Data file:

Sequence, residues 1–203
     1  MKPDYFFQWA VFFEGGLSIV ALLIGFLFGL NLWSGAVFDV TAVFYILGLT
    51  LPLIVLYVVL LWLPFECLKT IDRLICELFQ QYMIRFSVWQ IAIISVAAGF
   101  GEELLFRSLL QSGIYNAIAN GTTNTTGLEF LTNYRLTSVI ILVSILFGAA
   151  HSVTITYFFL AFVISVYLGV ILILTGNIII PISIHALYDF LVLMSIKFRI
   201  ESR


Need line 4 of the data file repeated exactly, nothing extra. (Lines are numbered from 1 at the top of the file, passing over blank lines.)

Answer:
   101  GEELLFRSLL QSGIYNAIAN GTTNTTGLEF LTNYRLTSVI ILVSILFGAA